Krispy Kreme is going dark ahead of the solar eclipse set to cast a shadow across part of the U.S. later this month.

A cookbook devoted entirely to onions may seem too specialized, but Kate Winslow, author of Onions, Etcetera doesn't think so. She talks to The Splendid Table contributor Joe Yonan about the versatility of the allium family.

CollegeDegrees360 / Flickr/Creative Commons

There are two kinds of people in this world. The Ferris Beullers, who grin at the thought of a wild day playing hooky. And the Jeanie Buellers, whose eyes gleam at the thought of turning them in. 

 Which one were you during those formative school days? Were you the good-girl Sandra Dee from “Grease?” Or perpetually in detention like John Bender in “The Breakfast Club?” Did you rain torment on your peers a la Regina George in “Mean Girls?” Or pledge allegiance to a passionate teacher like John Keating in “Dead Poets Society?”

The Moth Fall Fundraising Special 2017

Aug 9, 2017

Jen Lee tries to save souls and sell beauty in Target.

Tim Manley credits his mother and his imagination for keeping his spirits high while hospitalized.

Norah McLoughlin walks the Camino De Santiago.

Jonathan Ames recounts his most epic duel in college.

Audrey Hepburn and Gregory Peck in 'Roman Holiday'
Classic Film / Flickr - Creative Commons -https://flic.kr/p/VkLRWH

Vacation movies may show off some of the world’s most beautiful scenery, but the most compelling films are the ones that show characters another side of themselves. Take a protagonist out of her usual environment and anything can happen.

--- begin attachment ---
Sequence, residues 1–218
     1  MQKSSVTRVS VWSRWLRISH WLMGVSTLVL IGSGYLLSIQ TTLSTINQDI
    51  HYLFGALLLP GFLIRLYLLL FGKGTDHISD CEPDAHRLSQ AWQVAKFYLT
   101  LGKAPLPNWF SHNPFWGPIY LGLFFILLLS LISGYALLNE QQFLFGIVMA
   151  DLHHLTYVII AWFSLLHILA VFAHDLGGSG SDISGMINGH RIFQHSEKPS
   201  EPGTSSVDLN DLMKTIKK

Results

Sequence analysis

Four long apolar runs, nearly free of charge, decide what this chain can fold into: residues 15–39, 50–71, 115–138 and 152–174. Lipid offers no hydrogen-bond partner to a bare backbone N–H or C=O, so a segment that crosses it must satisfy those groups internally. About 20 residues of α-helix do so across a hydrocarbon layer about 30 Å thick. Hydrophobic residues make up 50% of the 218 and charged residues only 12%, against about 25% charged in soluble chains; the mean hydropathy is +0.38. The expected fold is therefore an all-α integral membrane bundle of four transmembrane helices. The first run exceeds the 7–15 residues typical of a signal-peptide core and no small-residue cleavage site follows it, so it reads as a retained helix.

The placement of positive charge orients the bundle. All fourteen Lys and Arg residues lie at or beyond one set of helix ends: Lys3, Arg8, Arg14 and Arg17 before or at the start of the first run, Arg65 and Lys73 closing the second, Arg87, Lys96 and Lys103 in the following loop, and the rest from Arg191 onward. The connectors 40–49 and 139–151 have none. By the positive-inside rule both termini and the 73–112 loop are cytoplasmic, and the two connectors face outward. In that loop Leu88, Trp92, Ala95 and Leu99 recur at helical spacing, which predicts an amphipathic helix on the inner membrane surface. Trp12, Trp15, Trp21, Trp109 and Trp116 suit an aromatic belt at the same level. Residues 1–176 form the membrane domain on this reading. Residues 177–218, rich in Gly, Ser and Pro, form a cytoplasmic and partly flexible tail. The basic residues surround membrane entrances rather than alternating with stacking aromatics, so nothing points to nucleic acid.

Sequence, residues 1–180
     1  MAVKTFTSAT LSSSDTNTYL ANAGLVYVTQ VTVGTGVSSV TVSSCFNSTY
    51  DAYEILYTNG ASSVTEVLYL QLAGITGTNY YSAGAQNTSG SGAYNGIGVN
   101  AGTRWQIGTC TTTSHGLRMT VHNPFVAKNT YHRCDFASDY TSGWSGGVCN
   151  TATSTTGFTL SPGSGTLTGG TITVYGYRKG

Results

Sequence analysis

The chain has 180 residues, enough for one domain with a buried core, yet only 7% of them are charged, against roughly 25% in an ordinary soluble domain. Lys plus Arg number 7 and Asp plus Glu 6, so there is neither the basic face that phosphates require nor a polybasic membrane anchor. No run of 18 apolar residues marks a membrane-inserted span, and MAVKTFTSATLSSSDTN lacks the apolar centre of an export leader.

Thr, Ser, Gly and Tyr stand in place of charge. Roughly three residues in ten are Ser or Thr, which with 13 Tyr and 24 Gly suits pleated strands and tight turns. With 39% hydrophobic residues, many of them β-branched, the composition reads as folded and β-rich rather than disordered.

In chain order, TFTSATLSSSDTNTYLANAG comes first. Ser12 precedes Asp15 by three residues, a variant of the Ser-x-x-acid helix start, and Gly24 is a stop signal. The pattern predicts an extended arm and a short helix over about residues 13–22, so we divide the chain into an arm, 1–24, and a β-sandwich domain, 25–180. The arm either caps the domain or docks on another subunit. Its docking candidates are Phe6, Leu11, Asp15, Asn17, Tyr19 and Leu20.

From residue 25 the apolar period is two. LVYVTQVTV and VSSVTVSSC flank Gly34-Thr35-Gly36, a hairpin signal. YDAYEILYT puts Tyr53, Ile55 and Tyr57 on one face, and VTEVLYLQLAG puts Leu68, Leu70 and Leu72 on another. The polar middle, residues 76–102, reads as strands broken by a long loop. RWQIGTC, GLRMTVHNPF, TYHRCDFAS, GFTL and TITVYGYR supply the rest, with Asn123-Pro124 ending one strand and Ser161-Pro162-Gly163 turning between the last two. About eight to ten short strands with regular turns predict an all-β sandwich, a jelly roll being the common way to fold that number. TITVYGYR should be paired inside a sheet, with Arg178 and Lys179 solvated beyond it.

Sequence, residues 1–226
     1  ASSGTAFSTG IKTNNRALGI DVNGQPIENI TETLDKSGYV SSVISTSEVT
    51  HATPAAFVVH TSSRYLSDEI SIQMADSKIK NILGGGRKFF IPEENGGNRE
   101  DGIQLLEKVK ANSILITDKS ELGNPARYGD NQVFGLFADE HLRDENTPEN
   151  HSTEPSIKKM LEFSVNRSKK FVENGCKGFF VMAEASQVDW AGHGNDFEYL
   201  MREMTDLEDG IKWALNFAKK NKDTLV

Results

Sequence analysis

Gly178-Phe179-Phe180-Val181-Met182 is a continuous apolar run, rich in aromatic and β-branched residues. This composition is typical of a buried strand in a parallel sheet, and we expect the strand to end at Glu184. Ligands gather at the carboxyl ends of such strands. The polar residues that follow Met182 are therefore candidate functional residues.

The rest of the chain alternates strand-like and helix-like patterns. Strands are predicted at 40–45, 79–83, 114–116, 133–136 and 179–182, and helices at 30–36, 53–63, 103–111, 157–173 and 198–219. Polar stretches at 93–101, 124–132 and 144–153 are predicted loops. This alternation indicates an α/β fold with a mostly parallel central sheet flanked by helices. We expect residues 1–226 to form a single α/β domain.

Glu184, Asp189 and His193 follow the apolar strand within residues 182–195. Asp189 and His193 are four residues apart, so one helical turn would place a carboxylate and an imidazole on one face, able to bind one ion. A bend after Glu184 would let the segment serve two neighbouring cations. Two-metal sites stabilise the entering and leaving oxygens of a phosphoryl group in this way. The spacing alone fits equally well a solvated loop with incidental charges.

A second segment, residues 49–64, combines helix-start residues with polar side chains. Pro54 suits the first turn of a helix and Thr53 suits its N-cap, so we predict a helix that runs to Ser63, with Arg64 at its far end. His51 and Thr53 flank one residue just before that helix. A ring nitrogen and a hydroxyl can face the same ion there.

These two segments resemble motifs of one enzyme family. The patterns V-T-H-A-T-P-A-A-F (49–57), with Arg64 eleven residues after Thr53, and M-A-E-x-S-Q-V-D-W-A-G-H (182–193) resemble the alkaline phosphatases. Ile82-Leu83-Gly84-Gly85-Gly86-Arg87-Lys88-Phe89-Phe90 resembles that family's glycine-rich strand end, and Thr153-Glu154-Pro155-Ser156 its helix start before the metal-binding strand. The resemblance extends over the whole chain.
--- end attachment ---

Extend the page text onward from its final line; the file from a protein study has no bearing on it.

Maricel Presilla is one of the world’s most respected experts on chile peppers. Her new book, Peppers of the Americas, is an encyclopedia, cookbook and collection of pepper-obsessed photography all in one book. A native of Cuba, Presilla now lives in New Jersey. Host Francis Lam visited home and kitchen for a lesson in dried pepper pastes – incredibly aromatic flavor boosters used to season just about anything from braises and roasts, to pots of rice.

Hatch chile peppers are ubiquitous in New Mexico. This unique variety of green chile is an important ingredient in the spicy stews for which the region is known. However, Hatch chiles aren’t always easy to find. As always, America’s Test Kitchen found a delicious work-around. ATK’s Tucker Shaw talks with managing producer Sally Swift about a satisfying Colorado Green Chili recipe that uses two more readily available peppers as a stand-in for Hatch chiles.